OMB revising data breach reporting requirements

The Government Accountability Office in a recent report found the requirement for agencies to report data breaches to the Homeland Security Department within on...

Agencies should expect new guidance this year from the Office of Management and Budget on how soon they should report data breaches to the Homeland Security Department.

DHS told the Government Accountability Office it sent a draft version of the document to the federal Chief Information Officer’s Council in December and expects to send it to OMB for consideration by March 31.

“Ultimately, DHS’s goal is to begin phasing in any new incident reporting protocol issued by OMB and to provide all departments and agencies with a sufficient grace period to ensure their incident reporting systems and procedures can be transitioned smoothly to the new system by Dec. 31, 2014,” DHS wrote in a response to a new GAO report looking into agency data breaches.

GAO: One-hour rule of little value

GAO found OMB’s requirement to submit information about data breaches to the DHS U.S. Computer Emergency Readiness Team (US-CERT) within an hour after discovering the breach is of little value.

“Officials at agencies and US-CERT generally agreed that the current requirement that PII-related incidents be reported within one hour may be difficult to meet and may not provide US-CERT with the best information,” auditors wrote. “Specifically, officials at the Army, FDIC, FRB, FRTIB, and SEC indicated that it was difficult to prepare a meaningful report on a PII incident to US-CERT within the one-hour time frame required by OMB. The officials stated that meaningful information on an incident is often not available in that time frame, and reporting an incident to US-CERT without all relevant details would likely be of limited value. While VA officials stated that most of their incidents are reported in less than an hour, they do not believe the time frame is consistent with other US-CERT reporting guidelines and that the majority of the incidents would more appropriately be reported on a weekly basis.”

US-CERT told GAO that the one-hour time frame doesn’t give a clear picture of the reported incident and the information isn’t used to help remediate incidents or provide technical support to agencies.

“Further, US-CERT’s Chief of Performance Metrics confirmed that the vast majority of PII-related data breaches are not cybersecurity-related,” the report stated. “Specifically, the official estimated that seven of every eight reported breaches do not involve attacks on or threats to government systems or networks. The chief said that receiving information on such incidents on an individual basis is not useful to the office in pursuing its mission and that the office can take little action on the information collected about these incidents, other than to report it in aggregate form to OMB.”

Additionally, OMB staff said that they were unaware of the rationale for the one- hour time frame, other than a general concern that agencies report PII incidents promptly.

“The staff stated that OMB previously considered revising the PII reporting guidelines but that no action had been taken,” the report stated. “Until a more reasonable time frame is established that facilitates full reporting of meaningful information, much of the PII data breach information that US-CERT collects may be of limited value in understanding PII data breaches in government agencies.”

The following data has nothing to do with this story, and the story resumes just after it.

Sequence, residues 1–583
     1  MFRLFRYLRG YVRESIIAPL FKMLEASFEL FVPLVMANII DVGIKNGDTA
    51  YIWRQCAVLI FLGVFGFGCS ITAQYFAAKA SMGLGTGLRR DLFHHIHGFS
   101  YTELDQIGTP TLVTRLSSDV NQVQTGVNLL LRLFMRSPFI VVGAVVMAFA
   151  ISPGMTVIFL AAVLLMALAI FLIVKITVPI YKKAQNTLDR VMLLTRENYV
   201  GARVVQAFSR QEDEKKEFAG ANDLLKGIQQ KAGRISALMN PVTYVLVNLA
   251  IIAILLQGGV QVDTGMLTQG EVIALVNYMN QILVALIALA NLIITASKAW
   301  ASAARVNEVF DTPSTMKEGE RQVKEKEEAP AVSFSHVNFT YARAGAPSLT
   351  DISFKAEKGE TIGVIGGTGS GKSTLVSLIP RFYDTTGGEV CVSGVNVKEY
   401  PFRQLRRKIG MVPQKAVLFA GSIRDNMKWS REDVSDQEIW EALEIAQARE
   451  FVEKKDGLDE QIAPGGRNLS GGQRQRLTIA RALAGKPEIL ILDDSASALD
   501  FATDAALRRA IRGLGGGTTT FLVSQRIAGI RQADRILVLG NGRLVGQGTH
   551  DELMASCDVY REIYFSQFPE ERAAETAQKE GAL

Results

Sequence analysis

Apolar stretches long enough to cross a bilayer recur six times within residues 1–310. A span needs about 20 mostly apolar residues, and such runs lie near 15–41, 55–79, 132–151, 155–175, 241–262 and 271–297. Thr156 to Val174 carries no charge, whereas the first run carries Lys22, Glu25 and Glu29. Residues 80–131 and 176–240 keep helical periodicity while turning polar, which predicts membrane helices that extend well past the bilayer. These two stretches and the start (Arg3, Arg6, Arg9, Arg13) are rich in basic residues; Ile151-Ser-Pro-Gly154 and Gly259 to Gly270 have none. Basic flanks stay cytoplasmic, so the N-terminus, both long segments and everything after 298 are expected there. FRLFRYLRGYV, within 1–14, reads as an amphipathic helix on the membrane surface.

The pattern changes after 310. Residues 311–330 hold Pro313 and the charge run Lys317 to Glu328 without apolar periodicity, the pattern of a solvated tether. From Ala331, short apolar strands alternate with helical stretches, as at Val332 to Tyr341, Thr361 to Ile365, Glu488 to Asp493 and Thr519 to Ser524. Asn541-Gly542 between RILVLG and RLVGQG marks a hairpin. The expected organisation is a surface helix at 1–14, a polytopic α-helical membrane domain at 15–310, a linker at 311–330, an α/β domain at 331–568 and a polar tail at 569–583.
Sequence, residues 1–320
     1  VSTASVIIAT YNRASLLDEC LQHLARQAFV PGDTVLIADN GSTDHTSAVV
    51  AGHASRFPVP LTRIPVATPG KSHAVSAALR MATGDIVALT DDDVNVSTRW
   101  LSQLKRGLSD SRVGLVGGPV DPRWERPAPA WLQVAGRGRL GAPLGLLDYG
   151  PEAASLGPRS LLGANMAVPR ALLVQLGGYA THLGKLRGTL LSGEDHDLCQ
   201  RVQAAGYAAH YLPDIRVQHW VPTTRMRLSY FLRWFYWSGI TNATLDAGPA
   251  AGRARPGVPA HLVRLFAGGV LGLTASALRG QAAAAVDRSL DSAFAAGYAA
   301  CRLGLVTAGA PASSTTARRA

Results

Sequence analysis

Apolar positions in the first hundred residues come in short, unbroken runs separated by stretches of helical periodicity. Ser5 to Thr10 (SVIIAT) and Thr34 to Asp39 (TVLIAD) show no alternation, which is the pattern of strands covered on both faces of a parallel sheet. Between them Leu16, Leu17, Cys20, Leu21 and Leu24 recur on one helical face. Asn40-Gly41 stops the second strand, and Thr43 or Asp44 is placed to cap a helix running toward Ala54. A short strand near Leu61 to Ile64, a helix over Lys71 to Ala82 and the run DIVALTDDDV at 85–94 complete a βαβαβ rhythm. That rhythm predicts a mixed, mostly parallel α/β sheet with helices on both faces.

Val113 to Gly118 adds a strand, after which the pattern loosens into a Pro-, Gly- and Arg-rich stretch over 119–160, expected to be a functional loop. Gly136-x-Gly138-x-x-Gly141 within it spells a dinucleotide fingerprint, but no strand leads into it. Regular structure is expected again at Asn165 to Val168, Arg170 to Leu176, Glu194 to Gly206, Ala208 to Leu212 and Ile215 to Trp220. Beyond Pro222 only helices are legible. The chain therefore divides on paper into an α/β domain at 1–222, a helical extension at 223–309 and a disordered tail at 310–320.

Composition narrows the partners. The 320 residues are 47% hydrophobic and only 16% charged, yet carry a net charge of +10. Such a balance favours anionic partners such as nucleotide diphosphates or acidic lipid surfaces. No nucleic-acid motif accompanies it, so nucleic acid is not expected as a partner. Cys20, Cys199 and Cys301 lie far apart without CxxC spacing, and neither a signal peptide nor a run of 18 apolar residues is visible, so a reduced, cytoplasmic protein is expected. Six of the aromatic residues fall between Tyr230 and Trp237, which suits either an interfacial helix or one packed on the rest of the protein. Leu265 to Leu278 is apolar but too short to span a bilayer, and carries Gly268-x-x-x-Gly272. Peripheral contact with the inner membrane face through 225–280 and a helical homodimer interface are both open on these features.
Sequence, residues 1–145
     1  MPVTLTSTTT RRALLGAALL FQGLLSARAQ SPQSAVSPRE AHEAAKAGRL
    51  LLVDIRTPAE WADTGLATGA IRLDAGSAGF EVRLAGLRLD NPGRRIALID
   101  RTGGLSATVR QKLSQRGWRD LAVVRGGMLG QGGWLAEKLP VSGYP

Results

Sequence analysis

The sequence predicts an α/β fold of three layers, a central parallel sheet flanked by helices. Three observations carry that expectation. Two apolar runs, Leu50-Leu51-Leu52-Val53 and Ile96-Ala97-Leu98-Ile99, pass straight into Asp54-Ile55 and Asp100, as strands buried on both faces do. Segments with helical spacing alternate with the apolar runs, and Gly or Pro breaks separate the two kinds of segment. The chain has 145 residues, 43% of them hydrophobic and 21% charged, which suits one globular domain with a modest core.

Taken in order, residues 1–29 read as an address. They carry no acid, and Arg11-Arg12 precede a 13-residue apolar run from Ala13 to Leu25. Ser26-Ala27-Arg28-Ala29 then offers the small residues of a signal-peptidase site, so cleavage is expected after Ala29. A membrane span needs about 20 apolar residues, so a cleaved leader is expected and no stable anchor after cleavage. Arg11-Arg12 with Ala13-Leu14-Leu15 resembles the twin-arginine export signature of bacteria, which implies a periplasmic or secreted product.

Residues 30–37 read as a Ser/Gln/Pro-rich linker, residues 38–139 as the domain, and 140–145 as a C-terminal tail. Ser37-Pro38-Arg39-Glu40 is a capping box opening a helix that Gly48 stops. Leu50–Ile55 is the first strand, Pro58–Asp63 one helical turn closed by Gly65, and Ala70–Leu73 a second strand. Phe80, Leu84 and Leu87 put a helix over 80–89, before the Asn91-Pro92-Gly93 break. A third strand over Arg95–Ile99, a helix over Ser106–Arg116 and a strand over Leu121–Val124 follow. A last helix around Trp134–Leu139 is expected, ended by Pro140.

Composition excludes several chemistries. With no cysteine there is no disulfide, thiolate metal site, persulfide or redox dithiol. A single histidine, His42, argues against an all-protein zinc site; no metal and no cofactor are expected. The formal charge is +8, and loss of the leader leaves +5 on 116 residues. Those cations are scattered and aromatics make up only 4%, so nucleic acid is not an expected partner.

GAO recommends OMB revise guidelines

GAO recommended OMB revise the guidance on reporting data breaches to “better reflect the needs of individual agencies and the government as a whole and consolidated reporting of incidents that pose limited risk.”

OMB established the one-hour time frame in the wake of the Veterans Affairs Department’s loss of the data of 26 million veterans in 2006. The White House issued an executive order and OMB issued three related memos over the next 18 months.

GAO also found agencies inconsistently applied other parts of OMB’s memos around data breaches. It examined eight agencies, both large and small, and determined each had shortcomings in how they implement breach response policies and procedures.

Auditors made 22 total recommendations, both at the governmentwide level and specifically for the eight agencies GAO reviewed.

Sen. Tom Carper (D-Del.), chairman of the Homeland Security and Governmental Affairs Committee, said in a statement he will reintroduce legislation that would require businesses and agencies to respond more swiftly to data breaches. Carper introduced the Data Security Act of 2011 — the fourth time he’s brought such a bill to the Senate.

“As Americans take greater advantage of innovations that encourage us to communicate and do business online, it is imperative that we do not let technology out-pace our ability to protect sensitive information and prevent high-risk data breaches,” Carper said in a statement. “We also need to ensure that there are effective policies in place in both the public and private sector that are consistently utilized to protect consumers in the unfortunate event of a data breach. While the Government Accountability Office found that federal agencies do have notification plans in place, it is imperative that agencies heed GAO’s warnings and implement these policies in a more robust and consistent fashion. Furthermore, the Office of Management and Budget needs to ensure that it is updating its guidance and conducting adequate oversight of agencies’ implementation. It’s also critical that agencies utilize all of the tools and resources at their disposal to prevent a data breach from happening in the first place, such as the cybersecurity resources at the Department of Homeland Security.”





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